Swansea University, Wales


Rape of Europa’ by Ceri Richards, 1964

The paintings hang in the Refectory in Fulton House and the redecoration of the hall provided a good opportunity to examine and clean the paintings. The enormous, 1.98 x 6.9 metre Triptych was found to be extremely heavy when it was removed from the wall at Swansea University. We found that the oil on canvas painting was adhered to plywood boards and then attached to an asbestos cement backing. A specialist asbestos team was brought in to make the paintings safe and to escort them back to the Bristol Studio. The paintings were extremely dirty and were surface cleaned with aqueous reagents. This made a big difference to the way the paintings looked but they still appeared yellow due to a discoloured varnish. The varnish was also blanched in areas and so it was decided that it should be removed. Following varnish removal, the colours appeared brighter and more saturated.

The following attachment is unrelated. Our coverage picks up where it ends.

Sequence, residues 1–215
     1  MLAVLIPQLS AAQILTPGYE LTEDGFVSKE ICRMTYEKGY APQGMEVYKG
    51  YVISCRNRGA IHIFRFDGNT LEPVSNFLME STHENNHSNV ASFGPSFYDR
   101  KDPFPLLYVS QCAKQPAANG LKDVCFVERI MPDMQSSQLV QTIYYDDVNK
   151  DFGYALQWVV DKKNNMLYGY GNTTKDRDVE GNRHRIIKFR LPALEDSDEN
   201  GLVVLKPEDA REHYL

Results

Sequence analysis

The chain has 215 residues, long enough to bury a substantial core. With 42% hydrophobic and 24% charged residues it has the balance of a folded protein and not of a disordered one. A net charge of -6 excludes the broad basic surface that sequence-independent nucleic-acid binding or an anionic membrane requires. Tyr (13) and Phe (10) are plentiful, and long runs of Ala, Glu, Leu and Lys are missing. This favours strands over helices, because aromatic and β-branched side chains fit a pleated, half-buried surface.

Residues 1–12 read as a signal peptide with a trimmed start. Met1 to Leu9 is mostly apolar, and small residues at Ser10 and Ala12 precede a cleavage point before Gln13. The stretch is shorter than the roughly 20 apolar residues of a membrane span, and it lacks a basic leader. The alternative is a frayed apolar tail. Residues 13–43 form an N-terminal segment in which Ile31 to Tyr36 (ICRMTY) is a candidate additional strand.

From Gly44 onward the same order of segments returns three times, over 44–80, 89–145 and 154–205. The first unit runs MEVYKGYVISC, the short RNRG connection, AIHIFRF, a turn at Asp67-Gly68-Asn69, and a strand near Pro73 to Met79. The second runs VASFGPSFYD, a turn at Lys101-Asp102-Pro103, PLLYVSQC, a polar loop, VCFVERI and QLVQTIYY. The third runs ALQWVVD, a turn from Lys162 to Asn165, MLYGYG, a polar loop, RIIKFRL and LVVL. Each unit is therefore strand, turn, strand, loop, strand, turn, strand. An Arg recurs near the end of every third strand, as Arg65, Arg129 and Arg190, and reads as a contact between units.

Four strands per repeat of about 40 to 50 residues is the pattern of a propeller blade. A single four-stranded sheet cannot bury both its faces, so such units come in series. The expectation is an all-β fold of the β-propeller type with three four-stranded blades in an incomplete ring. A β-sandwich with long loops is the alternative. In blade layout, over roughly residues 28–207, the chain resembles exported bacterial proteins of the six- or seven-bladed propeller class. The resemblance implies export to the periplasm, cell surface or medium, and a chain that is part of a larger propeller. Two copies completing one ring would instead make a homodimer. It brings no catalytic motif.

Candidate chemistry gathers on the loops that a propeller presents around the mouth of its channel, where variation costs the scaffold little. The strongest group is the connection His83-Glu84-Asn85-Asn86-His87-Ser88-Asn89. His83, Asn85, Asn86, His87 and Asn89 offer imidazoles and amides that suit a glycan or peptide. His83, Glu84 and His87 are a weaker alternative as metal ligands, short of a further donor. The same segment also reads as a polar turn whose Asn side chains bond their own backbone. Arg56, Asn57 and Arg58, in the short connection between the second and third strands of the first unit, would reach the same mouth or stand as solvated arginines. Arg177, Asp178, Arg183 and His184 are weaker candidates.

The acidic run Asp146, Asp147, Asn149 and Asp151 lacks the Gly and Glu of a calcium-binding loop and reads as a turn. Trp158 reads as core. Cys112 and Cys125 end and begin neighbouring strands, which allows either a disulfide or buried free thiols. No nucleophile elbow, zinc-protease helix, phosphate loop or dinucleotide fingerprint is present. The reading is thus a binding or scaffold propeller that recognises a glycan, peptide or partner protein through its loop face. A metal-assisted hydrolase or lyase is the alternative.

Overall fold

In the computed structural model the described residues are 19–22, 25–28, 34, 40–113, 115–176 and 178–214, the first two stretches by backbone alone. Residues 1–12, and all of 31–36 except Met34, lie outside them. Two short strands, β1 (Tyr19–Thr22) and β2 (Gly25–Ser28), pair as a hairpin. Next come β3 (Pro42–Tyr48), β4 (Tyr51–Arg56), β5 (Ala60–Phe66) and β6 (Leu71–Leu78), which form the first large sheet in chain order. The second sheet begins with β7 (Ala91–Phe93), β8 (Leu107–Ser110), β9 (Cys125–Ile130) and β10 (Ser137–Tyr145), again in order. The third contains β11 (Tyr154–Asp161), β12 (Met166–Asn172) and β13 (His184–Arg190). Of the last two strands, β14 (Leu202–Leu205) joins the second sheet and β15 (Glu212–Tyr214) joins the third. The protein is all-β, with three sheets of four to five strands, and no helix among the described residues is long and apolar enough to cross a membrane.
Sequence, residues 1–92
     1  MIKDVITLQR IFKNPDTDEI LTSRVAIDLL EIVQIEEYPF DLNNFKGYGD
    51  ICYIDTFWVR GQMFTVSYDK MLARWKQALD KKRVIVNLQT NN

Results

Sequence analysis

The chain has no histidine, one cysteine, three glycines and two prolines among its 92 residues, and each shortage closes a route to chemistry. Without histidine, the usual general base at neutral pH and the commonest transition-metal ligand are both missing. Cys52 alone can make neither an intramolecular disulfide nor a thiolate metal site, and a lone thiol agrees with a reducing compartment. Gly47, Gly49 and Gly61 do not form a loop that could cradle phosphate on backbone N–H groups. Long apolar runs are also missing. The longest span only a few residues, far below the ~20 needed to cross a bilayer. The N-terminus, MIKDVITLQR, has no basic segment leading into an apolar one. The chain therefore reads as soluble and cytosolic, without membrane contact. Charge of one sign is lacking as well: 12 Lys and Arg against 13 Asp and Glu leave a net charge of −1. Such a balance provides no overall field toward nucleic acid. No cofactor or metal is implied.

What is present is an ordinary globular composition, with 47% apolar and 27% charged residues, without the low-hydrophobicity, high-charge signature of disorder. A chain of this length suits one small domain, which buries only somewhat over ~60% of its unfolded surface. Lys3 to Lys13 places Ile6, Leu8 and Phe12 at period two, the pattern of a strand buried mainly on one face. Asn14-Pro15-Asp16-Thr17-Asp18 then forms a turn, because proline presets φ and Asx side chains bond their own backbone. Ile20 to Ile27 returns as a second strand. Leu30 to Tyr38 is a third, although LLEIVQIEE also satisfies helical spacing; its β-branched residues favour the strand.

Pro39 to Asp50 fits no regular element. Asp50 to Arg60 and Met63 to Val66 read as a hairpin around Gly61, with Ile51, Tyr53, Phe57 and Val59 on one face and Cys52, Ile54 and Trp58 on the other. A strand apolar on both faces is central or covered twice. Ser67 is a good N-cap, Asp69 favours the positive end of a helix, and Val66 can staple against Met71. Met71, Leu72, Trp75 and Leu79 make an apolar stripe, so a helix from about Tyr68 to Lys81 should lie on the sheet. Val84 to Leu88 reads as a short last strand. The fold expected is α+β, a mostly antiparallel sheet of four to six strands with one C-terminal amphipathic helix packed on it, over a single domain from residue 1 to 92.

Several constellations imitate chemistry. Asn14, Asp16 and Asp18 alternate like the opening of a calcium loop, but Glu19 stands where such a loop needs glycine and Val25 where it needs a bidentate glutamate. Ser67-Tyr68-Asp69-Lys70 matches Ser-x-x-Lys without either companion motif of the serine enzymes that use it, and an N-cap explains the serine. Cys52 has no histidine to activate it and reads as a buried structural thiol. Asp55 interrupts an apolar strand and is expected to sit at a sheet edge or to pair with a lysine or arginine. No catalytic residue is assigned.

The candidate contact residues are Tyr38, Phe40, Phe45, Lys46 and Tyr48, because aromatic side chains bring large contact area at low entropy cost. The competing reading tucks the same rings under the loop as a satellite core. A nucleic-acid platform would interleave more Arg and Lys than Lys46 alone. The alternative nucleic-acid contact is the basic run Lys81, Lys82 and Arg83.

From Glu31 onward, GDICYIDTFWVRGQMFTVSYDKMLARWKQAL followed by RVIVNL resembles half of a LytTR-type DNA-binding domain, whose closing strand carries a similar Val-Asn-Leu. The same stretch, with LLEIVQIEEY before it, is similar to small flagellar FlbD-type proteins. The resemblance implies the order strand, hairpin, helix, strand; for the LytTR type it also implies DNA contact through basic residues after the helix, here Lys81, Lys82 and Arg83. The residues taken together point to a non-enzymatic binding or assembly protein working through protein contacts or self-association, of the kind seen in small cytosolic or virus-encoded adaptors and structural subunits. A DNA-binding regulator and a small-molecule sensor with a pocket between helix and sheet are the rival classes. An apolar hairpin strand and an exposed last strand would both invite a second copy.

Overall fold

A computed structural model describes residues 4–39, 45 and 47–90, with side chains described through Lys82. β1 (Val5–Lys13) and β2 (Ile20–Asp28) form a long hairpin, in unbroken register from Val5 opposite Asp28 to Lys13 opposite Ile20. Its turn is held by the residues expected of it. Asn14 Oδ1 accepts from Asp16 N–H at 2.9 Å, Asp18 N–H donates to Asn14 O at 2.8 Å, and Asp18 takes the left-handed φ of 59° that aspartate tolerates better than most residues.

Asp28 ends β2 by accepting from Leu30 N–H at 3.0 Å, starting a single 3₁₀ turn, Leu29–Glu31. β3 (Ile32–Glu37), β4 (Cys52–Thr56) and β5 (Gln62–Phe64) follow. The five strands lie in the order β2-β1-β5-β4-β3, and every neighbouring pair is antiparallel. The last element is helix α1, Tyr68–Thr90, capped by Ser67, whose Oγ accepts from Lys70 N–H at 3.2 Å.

Life Lines’ by Glyn Jones, 1979.

This large wall hanging measuring H305cm x W620cm hangs on the wall opposite the Ceri Richards paintings. The hangings were very dusty and the nails holding the piece up were rusty. We were able to interview the artist to find out more about how the hanging was made. Glyn Jones used a blow torch to apply pitch and PVA medium to canvas and skrim fabric that he then attached to a geometric rope structure. Gouache paint was used and a solvent fixative spray allowed the colours to become imbibed into the PVA film. The hanging was made in six panels and then the horizontal rope ends glued together on site. These glued attachments had failed several times in the past and Jones had fixed them. With his permission we decided to come up with a new approach to these fixings. After cleaning the panels, we adhered magnets into the ends of the ropes so that they would click together easily. We reinforced the vertical ropes between the sections with nylon thread. Strong polyester was attached to the back of the top edge allowing a new hanging system where the strips were screwed into the wooden fixing battens. The hanging now looks much brighter and more colourful and detaching rope problem has been permanently resolved.

A big thank you to the maintenance team at the University who assisted us with the removal and re-installation of these two artworks!